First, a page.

a three-year BA?

Two recent stories give background and focus to the three-year degree (you do know that Oxford has a three-year degree), among other things:

Continental Perspectives - Higher Ed
Robert A. Pastor, co-director of the Center for North American Studies at American University, said that the North American Free Trade Agreement should have led to much more cooperation between colleges in the three countries of North America. But NAFTA has become “a veritable piñata for pundits and politicians,” even though it has in fact increased trade in all directions in the continent.
Pastor said, however, that NAFTA has been less of a force than it might have because of the fallout from 9/11, which made crossing borders and shipping across borders more difficult. While there are positive examples of collaboration, Pastor said that they are limited when compared to what is routine in Europe. He called on colleges in the United States to specifically encourage more students to study in Canada or Mexico -- countries that are not as high on the list of student destinations as he said they should be.
There is also a research agenda, he said. The European Union funds 15 research centers in the United States to study the European Union, Pastor noted. But the U.S. government -- while sponsoring research centers at American universities about Asia and Latin America -- doesn’t support research on North America and its various interconnections.
News: Express Lane to a B.A. - Inside Higher Ed
Margaret Drugovich, the college’s president and a former enrollment officer, said that the idea for the program emerged years ago as an attempt to make a Hartwick degree more affordable. “Parents would tell me they wanted the kind of education that Hartwick provides but that they simply couldn’t afford it.” Tuition for the current academic year is $32,550, and room, board and fees total close to $10,000.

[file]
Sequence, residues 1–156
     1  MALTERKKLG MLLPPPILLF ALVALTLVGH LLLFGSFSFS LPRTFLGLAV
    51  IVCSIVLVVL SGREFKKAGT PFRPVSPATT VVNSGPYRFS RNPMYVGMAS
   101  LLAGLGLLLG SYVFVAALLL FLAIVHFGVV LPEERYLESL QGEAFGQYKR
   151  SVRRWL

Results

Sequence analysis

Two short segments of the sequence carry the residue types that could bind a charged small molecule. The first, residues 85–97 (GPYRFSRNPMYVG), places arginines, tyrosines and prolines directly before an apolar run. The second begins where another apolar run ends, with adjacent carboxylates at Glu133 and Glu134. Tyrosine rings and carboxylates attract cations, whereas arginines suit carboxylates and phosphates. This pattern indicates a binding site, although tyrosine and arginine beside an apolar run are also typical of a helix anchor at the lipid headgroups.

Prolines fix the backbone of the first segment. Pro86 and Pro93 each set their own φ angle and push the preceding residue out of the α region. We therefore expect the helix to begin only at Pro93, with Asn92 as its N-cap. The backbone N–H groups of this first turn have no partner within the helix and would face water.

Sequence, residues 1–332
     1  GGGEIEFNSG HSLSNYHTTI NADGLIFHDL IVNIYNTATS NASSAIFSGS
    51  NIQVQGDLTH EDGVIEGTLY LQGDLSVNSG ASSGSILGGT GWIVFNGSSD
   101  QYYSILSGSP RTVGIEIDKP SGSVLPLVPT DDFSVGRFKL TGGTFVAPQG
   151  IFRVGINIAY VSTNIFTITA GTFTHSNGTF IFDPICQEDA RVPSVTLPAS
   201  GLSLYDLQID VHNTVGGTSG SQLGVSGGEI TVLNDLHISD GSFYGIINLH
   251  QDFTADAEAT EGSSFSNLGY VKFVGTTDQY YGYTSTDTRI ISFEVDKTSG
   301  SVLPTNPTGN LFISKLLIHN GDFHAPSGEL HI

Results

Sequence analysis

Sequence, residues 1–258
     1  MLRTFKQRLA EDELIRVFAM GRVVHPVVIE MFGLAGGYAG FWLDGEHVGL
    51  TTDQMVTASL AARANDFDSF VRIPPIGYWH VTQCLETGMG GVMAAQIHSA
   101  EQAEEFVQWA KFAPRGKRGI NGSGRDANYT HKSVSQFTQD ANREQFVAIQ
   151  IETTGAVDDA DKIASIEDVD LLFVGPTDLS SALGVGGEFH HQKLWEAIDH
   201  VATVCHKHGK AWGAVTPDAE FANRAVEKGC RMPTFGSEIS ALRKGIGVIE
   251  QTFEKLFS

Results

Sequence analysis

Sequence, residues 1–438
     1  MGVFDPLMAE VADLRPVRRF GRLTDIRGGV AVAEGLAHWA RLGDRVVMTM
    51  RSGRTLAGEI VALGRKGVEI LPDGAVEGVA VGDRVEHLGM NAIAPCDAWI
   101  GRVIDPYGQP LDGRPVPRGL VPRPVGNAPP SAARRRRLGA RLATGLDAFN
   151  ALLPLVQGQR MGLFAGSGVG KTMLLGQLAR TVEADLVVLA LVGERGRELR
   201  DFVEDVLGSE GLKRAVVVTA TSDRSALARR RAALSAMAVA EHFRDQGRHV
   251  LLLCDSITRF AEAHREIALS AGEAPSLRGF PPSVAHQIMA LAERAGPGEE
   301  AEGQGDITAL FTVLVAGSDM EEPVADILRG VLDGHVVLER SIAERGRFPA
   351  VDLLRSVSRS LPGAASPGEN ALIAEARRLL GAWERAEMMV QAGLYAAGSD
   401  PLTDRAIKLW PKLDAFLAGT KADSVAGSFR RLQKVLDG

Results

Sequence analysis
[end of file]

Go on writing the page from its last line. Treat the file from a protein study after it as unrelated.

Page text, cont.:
The US, unlike many other industrialized nations, does not pay for college and citizens now pay these costs themselves though there is a patchwork of scholarships that often go to wealthier citizens on the basis of merit.  Of course, all colleges are for-profit colleges and they won't like this cut in the income stream:
To Carol Geary Schneider, president of Association of American Colleges and Universities, the degrees are a distraction. In an article to be published in the forthcoming issue of the association’s journal, she blasts three-year degrees as part of a “new crop of faux reforms that, if adopted, would send us backward.”
By focusing on relatively high-performing students, colleges have the potential to forget about those who can’t graduate in four, five or even six years. At Hartwick and UNCG, students in the accelerated programs get course registration priority over more senior students. A freshman in one of these programs could nose out a senior in registering for a course that the senior needs to graduate.
Large numbers of students who enter college never complete their degrees and “the majority of graduates are far from prepared for the challenges of either the economy or our democracy,” Schneider wrote, suggesting that students need more time in college, not less. “By every possible measure -- outcomes studies, employer assessments, faculty reports and proficiency levels on standardized tests -- too many students already are falling short.”
Funny how all these students are to blame and schools, well, they are really trying hard.  Parents are spending phenomenal amounts of savings and income and students take loads of debt on trying to get a good job.  But now families are spending enormous sums to get BAs to help the nation fall short. Because it is the student's who just are not prepared.

And poor people caused the financial crisis. Got it.
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